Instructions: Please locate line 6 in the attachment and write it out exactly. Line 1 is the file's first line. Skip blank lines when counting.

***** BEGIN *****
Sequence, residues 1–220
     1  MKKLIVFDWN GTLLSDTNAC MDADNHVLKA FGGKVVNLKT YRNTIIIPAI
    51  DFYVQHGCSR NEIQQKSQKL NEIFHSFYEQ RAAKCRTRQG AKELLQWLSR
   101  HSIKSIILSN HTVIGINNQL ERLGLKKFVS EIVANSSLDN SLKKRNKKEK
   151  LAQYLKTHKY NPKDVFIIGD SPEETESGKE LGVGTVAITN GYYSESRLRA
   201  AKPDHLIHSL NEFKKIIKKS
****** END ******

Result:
   201  AKPDHLIHSL NEFKKIIKKS